Last December, businessman and contractor Gabi Magnezi was arrested by the Israel Police’s Lahav 433 fraud unit on suspicions of bribery, fraud, money laundering and violation of antitrust laws. The court determined that the suspicions were well-grounded and he was released from detention to house arrest. So far no indictment has been served against him or any of his associates, and police are continuing with their investigation.
Magenzi is still struggling to clear his name but the Tel Aviv branch of the State Prosecution decided to issue letters to ministries and companies associated with Magenzi’s projects, warning them against associating with companies he owns. The letters contain testimonies against him which he has refuted.
The letters contain evidence not seen previously by Magenzi’s attorneys. “According to evidence obtained during the investigation there are alleged suspicions of fraud that went on for years,” said one of the letters, which details facts related to the investigation, including testimony by witnesses. One item relates to veteran engineer Gil Schuldenfrei, who allegedly was asked by Magnezi to take possession of all the shares belonging to Magnezi Infrastructure Ltd., posing as that company’s chief engineer, with the aim of giving the company a high rating for tax purposes.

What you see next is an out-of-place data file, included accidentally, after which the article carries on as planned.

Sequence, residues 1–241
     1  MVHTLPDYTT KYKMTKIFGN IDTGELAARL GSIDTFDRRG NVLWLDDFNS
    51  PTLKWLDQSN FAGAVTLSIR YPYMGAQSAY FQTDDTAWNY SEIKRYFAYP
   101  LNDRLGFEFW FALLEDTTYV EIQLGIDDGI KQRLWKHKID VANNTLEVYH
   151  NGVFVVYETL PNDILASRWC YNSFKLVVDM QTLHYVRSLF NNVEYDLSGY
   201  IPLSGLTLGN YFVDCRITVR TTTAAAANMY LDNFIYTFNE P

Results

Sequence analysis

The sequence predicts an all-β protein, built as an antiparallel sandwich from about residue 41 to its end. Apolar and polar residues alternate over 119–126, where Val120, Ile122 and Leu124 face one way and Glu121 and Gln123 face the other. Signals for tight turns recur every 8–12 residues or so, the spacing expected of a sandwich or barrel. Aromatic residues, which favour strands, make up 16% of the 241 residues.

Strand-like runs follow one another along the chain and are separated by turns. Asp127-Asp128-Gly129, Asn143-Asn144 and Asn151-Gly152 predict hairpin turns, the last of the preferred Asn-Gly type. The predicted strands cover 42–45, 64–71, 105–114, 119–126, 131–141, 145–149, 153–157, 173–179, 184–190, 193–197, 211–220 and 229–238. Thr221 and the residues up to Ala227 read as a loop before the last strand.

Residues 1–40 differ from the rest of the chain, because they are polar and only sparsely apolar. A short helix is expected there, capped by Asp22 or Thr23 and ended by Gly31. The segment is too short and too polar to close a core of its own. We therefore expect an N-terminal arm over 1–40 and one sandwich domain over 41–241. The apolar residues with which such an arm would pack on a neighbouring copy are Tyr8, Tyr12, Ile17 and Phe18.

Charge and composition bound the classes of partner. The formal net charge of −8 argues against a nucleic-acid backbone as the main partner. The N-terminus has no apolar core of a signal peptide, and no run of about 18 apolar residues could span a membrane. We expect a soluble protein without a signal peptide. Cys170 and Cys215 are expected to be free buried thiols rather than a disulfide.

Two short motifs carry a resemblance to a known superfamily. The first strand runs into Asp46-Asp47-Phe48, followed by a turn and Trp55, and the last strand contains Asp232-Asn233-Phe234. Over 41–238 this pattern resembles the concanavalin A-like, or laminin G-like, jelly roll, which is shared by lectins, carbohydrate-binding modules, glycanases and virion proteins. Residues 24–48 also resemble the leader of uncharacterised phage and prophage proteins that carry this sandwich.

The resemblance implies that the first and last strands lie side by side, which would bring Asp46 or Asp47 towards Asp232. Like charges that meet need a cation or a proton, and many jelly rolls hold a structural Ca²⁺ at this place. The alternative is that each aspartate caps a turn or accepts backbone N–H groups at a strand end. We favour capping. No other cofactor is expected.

The letter contains only Schuldenfrei’s version as a witness in the case, without noting that Magnezi denies the allegations and says that he is innocent. The letter claims that there are also other charges under investigation. These relate to possible forgery of affidavits relating to some of Magnezi’s projects, information which could constitute obstruction of justice. His lawyers argue that the dissemination of ongoing investigative material in a criminal case is a violation of the law and of the assumption of their client’s innocence.
State prosecutors responded by saying that “when there are substantiated suspicions of wrongful conduct it is our duty to inform relevant parties so that they can examine their publicly funded associations with the suspect, based on the law and on common sense.”